However, you can fake being affected by a spell like hypnotic pattern, because that is an area spell, and thus not subject to the caster sensing the spell has failed. How to resolve this is up to the DM -- either through roleplay, or most likely, using a bluff check against the caster's sense motive.

Likewise, there is no explict rule that says the caster senses it if the spell fails due to immunity, so if you are immune, you probably could also bluff (although the DM might of course rule otherwise).

Lastly @StevenTG found a spell that allows you to specifically override this behaviour, Disobedience (available to Bards, Sorcerers, Wizards and Spellthieves at spell level 3):

In addition to protecting the subject, disobedience sends false information to the creature that is attempting to gain control of the subject. The would-be controller must succeed on a Will save or believe that its spell or ability has taken effect and that the target is now under its control. The spell's subject becomes aware of commands issued by that creature and can choose to act however she pleases, disregarding the would-be controller's orders or going along with them in a pretense of obedience.

If you have such a caster in your group, that is a good way to pull it off.

  • \$\begingroup\$ What if a spell fails due to a targeted creature’s spell resistance or spell immunity (like, for example, an elf’s immunity to sleep spells). It seems reasonable to assume that, in any of these events, a caster senses that a targeted spell has failed – but, as far as I can see, the rules don’t explicitly say so... \$\endgroup\$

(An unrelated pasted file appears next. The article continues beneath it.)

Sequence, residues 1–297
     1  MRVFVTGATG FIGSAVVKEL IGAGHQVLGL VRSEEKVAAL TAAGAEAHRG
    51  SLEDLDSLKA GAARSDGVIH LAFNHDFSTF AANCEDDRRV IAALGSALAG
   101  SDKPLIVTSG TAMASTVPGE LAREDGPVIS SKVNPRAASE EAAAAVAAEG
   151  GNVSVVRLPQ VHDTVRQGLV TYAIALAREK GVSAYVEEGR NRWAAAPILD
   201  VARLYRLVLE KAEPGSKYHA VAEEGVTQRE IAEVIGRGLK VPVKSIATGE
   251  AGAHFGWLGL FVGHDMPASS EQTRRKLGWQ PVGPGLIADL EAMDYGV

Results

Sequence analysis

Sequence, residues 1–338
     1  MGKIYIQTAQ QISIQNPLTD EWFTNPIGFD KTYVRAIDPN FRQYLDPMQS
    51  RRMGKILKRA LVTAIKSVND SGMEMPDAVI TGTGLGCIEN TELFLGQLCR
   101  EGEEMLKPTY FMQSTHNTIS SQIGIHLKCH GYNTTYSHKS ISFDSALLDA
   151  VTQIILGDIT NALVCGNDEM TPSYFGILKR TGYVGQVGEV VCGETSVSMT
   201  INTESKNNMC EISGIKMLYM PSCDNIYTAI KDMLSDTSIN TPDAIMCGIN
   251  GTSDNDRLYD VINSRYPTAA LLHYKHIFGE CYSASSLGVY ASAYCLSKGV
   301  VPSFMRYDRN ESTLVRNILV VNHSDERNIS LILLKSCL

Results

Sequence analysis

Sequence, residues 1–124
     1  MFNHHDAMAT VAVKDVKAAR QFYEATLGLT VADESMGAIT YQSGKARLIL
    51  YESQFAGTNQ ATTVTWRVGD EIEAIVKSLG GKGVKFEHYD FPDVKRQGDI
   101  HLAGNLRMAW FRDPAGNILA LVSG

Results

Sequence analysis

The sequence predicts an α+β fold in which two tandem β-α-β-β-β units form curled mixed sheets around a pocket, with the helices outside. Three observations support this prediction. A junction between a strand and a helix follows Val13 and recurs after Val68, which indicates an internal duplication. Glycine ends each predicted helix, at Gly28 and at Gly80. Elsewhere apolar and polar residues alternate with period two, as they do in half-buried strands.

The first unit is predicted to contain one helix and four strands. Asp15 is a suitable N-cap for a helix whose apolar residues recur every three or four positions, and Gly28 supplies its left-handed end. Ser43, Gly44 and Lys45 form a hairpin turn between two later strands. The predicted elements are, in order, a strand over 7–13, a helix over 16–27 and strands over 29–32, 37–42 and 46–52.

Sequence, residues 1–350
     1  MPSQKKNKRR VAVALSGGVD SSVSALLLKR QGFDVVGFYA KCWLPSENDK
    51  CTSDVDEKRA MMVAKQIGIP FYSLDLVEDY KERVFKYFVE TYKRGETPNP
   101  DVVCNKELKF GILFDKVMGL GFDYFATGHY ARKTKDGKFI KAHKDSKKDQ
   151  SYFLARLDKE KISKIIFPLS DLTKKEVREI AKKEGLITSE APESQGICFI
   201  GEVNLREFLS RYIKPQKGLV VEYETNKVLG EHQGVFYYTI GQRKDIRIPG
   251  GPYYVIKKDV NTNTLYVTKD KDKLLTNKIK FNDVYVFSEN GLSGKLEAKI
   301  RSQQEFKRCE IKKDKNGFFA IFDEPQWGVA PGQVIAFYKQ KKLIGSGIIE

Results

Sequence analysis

– Peregrin
    Commented Nov 28, 2023 at 14:28
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    \$\begingroup\$ @Peregin There is no explicit rule that the caster senses it, so probably if you are immune, you could bluff all you want. (Although I can see a DM ruling otherwise). Also StevenTG came up with a good solution in form of a spell, which I think is another way to do it if you have access to someone who can cast that. \$\endgroup\$ Commented Nov 28, 2023 at 14:47

A bluff check opposed by the caster's sense motive check is the best way. The DM would add a modifier based on whatever they thought was appropriate.

The DM might choose to use the casters spellcraft or knowledge: arcana, too, since they might be more realistic/favorable to the caster.

Note that, even for a single target spell, bluff is still appropriate. It won't be easy, though:

The bluff is way out there, almost too incredible to consider. +20 [bonus to opposed roll]